Rights groups are calling on the Association of South East Asian Nations (ASEAN) to make greater progress in settling about 7,000 Muslim Myanmar refugees a year after they were rescued after being abandoned at sea by traffickers.
The refugees are mostly from the Rohingya population of Myanmar's western Arakine state and were saved after a crackdown by Thai authorities.
Crackdown on traffickers a year ago
Earlier, camps used by smugglers were uncovered in southern Thailand and dozens of bodies were found in shallow graves.
Over 100 people were arrested with links to the trafficking gangs, including some Thai officials.
A May 2015 emergency meeting of 17 countries including the United States, Japan, Switzerland and Australia and key United Nations humanitarian agencies, had pressed for action to resolve the issue of irregular migration.
Thousands of Rohingya remain in camps
But, a year after they were abandoned at sea, thousands of Rohingya remain in detention camps.
In Malaysia alone, according to rights groups, there are almost 2,500 being held, while others are detained in shelters in Indonesia and Thailand.
Aung San Suu Kyi aware of the problem
Myanmar's state counselor, Aung San Suu Kyi, is making a visit to Thailand this week and has called on the international community to give Myanmar "enough space" to address the problem of the Rohingya.
Thai civil society groups say they are hoping to submit recommendations to Suu Kyi, who is also Myanmar's foreign minister, including the issue of citizenship for the Rohingya who have fled Myanmar.
FILE - Demonstrators hold banners outside the U.S. Embassy in Yangon, Myanmar, April 28, 2016, to protest against the embassy's use of the word "Rohingya."
Siriprapha Petcharamesree, from Mahidol University's Institute of Human Resources, says the issues of detention and statelessness, faced by the Rohingya, remain.
"The problem is still there. It remains exactly the same. Those people who are detained in detention centers are still there. Rohingya in different places they are still taking risks to be arrested and again put into detention or deportation. The high risk is still there. Their rights are not protected. So for me this is a failure," Siriprapha told VOA.
UN to address the issue later this year
Regional meetings have been held on the problem and there is a United Nations Summit on refugee and migrant movements at the U.N. General Assembly in September this year.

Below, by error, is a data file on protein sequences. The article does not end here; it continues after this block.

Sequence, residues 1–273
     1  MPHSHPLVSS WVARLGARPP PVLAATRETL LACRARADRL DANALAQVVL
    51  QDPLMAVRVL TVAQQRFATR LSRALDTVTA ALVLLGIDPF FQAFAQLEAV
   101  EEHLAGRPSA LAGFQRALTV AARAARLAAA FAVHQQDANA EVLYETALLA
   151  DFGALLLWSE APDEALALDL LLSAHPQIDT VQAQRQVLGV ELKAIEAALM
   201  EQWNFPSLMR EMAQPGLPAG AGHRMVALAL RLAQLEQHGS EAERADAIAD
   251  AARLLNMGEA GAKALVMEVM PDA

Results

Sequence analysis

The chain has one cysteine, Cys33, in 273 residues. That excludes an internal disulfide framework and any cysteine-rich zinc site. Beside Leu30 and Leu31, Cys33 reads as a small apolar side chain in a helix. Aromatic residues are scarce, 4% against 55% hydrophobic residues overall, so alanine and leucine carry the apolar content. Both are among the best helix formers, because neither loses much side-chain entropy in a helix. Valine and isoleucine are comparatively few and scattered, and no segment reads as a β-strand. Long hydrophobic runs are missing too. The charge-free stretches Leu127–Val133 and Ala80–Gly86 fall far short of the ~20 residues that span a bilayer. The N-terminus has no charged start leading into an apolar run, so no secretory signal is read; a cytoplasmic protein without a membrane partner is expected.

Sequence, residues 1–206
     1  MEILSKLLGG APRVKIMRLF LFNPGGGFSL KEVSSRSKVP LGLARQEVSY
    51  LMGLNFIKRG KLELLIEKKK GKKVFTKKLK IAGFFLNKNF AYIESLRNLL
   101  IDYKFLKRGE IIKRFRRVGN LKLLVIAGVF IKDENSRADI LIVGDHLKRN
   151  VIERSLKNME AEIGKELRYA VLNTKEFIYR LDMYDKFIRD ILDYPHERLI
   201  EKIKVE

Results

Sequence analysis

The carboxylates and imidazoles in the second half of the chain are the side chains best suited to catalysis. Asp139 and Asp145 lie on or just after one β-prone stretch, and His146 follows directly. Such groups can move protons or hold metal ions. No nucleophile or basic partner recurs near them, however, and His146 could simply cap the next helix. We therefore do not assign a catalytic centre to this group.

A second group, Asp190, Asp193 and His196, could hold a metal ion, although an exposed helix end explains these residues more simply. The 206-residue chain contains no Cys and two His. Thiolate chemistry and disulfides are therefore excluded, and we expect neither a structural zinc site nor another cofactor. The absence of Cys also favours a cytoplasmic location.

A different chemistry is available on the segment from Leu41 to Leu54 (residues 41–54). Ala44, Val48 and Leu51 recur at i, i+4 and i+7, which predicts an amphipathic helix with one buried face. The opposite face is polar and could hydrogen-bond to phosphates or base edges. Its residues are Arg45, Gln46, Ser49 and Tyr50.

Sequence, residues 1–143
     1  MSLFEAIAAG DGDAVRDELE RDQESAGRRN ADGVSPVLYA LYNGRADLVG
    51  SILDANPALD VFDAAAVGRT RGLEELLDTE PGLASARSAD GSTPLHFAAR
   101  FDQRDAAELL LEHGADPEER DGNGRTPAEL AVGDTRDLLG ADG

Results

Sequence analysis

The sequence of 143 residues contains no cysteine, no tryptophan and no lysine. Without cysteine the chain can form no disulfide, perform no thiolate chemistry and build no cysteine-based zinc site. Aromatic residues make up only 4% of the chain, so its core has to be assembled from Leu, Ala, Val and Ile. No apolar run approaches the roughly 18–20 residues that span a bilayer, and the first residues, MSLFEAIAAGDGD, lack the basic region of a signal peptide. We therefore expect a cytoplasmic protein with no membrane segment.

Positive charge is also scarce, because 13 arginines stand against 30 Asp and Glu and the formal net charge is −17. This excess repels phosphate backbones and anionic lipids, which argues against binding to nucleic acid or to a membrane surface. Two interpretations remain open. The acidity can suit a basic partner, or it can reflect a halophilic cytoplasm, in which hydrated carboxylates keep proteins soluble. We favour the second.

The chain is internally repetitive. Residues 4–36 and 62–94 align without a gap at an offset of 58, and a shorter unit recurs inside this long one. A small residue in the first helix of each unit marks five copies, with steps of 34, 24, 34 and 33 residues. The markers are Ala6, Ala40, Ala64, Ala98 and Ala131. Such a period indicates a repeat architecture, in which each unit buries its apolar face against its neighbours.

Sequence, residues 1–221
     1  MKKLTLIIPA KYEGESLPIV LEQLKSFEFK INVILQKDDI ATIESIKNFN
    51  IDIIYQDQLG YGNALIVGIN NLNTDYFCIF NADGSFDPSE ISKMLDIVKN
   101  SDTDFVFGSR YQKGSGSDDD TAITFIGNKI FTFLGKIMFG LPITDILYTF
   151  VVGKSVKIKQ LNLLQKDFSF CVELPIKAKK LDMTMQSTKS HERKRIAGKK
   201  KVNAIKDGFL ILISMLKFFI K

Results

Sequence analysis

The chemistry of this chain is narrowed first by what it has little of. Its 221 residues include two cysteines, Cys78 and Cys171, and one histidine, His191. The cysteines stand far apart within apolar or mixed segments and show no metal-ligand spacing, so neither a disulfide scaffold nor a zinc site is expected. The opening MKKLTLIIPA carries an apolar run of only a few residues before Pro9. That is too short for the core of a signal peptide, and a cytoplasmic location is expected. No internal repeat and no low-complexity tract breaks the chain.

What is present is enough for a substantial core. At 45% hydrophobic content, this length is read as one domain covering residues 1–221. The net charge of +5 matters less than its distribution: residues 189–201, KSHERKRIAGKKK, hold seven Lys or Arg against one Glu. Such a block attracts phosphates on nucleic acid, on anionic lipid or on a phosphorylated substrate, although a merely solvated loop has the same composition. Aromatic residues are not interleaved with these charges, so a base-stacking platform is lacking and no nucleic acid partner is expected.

But for Rohingya in the detention centers, there is a growing sense of desperation. On May 23 in Thailand, 21 Rohingya fled a center in Southern Thailand that led to one person being shot dead by Thai police.
Angkhana Neelapaichit, a member of the National Human Rights Commission, says the Thai Government's response has fallen short of steps indicated after the emergency meeting in May last year.
"The Thai government still has no specific policy for this group of people. They are migrants and they are detained and cannot go out to work, denied access to education and cannot access public health services so this is a problem," Angkhana said.
A recent report by Australia's ABC broadcaster, found the Rohingya holding camps in western Rakhine State poorly managed, with substandard structures such as latrines, damaged by a recent storm, forcing men and women to defecate in nearby open fields.
Financial help is on the way
ASEAN states have agreed to set up a special fund to support migrants and refugees, a move welcomed by rights groups.
Matthew Smith, executive director of the rights group, Fortify Rights, says there has also been a decline in numbers of Rohingya fleeing Myanmar but regional governments need to address the broader issues.
"The problem now is the response from regional governments has not prioritized the protection of survivors. So people who survived human trafficking last year are still being held in detention," Smith told VOA.
ASEAN, he says, needs to do more on policies on irregular migration in the region often linked to transnational criminal syndicates.
"This is a transnational issue this is an international issue this is a regional issue and really no single country can do it alone in terms of tackling this," Smith said.